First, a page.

Sevilleta Wireless Network
The Sevilleta Wireless Network was deployed in June of 2004 with the support of the National Science Foundation Division of Biological Infrastructure #0330429. The initial deployment consisted of a sixteen mile wireless backhaul link from the UNM Sevilleta Field Station, which is connected to the UNM wide area network, to the peak of the Los Pinos mountains, which lie along the eastern boundary of the Sevilleta National Wildlife Refuge. The Los Pinos repeater site consists of two 802.11 wireless access point radios that cover all of McKenzie Flats, where most research is performed. Sites in southern and western parts of the Refuge also connect to this repeater.
In order to reach LTER experiments on the eastern side of the Los Pinos, a twenty mile backhaul link from the Field Station to a peak on the northern end of the Los Pinos range was deployed in July of 2007. During 2009 and 2010, we extended the network nearly forty miles beyond the eastern boundary of the Sevilleta NWR in order to reach LTER experiments near the rural towns of Mountainair and Willard, NM. Additional repeaters exist on the Sevilleta NWR in order to reach areas beyond line-of-sight from the Los Pinos repeaters.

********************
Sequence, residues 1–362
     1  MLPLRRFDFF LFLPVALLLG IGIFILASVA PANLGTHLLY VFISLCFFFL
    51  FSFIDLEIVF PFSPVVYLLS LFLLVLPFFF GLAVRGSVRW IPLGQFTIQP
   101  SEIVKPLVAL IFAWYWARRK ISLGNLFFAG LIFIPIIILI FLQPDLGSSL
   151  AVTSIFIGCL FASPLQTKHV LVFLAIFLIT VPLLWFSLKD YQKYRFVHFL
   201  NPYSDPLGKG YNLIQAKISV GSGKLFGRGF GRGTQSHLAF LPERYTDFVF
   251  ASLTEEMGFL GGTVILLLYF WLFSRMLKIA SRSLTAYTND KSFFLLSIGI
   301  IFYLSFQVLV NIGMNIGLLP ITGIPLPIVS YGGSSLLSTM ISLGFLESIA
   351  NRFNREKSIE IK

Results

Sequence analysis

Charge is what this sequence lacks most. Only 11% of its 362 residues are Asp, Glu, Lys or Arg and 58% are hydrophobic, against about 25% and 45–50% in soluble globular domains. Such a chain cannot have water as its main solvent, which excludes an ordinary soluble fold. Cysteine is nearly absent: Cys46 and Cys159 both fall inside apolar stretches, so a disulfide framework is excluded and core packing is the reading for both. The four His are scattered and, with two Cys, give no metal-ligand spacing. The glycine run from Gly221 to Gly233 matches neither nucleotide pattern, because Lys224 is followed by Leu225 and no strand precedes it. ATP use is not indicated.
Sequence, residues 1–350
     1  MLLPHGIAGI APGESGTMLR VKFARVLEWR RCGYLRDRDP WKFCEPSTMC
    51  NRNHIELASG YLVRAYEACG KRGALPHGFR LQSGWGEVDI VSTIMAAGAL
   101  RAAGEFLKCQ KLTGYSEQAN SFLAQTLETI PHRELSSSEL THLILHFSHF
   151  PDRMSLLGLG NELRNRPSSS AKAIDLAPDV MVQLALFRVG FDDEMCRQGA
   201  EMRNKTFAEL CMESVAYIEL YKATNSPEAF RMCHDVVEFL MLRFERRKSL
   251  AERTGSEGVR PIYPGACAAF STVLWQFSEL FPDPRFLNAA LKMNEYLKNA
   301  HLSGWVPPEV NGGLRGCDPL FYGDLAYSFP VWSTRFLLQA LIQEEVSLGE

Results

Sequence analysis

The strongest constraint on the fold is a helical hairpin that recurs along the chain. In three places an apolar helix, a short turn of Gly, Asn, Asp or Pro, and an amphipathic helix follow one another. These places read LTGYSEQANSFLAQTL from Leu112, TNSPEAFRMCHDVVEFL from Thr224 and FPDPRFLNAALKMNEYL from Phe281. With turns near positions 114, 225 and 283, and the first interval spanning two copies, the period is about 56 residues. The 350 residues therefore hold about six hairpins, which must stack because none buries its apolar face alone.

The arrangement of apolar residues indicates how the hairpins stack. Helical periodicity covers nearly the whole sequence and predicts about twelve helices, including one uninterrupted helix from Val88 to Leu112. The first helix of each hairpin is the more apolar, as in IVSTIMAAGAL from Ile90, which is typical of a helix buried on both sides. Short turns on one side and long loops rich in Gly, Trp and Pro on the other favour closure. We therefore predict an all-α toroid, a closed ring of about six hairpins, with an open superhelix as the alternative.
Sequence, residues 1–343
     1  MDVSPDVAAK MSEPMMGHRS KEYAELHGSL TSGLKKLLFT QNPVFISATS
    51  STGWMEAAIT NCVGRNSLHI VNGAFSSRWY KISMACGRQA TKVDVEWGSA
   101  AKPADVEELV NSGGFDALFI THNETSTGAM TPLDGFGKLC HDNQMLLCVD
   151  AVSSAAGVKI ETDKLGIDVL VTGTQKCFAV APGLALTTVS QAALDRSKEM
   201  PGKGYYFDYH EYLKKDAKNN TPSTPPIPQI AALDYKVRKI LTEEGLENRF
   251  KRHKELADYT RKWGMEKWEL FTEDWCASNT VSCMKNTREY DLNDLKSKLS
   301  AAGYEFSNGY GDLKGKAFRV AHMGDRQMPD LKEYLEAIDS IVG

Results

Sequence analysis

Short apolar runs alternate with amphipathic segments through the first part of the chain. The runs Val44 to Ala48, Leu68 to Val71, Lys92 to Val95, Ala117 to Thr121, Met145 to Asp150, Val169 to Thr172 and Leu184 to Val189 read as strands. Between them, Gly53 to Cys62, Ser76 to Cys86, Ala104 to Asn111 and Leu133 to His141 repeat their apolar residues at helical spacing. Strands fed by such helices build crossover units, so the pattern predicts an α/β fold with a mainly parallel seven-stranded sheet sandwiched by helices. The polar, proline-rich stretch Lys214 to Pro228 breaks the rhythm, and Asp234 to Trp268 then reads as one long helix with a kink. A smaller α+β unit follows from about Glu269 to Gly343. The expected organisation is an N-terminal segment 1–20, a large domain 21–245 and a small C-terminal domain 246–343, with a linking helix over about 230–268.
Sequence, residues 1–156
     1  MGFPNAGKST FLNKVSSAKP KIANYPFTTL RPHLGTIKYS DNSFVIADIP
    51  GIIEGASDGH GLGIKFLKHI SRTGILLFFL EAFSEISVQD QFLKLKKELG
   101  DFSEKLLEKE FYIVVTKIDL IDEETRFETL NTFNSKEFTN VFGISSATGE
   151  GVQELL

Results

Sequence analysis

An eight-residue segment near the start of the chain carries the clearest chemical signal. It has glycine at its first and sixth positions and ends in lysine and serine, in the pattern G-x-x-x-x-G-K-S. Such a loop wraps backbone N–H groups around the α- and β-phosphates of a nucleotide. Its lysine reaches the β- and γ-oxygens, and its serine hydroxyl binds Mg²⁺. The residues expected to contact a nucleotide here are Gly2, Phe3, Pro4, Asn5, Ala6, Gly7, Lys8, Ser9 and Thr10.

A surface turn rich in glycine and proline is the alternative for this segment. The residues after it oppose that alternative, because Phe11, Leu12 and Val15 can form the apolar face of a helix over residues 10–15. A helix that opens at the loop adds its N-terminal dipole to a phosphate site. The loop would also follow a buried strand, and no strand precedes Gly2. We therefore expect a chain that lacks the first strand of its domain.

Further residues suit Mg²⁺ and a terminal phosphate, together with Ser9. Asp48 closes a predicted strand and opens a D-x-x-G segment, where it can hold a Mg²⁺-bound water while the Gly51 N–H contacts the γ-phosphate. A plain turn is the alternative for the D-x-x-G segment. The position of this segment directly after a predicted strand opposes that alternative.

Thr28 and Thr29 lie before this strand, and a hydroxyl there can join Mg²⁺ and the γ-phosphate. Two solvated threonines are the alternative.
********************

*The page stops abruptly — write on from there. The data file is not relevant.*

As of 2012, the network has expanded to include over thirty individual experiment sites, with some sites having multiple dataloggers and/or other devices hooked into the network. Client sites include meteorological stations, flux towers, global change experiments, wildlife monitoring cams, and more.
Typical Site Configuration:
A typical client site consists of an outdoor wireless client radio with embedded antenna, a serial-to-ethernet converter which allows the datalogger to be hooked into the network, and power provided by solar panels and batteries if power for the wireless equipment was not included in the site's power budget. A typical client site costs $1200-$1400, with power being the most expensive part. Sites in areas beyond line-of-sight from a repeater location cost more due to the fact additional repeaters and/or external antennas may need to be installed. Sites with multiple dataloggers, requiring webcams, and/or having other unusual circumstances can also cost more depending on the needs of the researcher(s) and the complexity of the site.
For further information regarding the Sevilleta Wireless Network, or to inquire about "unwiring" your experiment, please contact Renee Brown.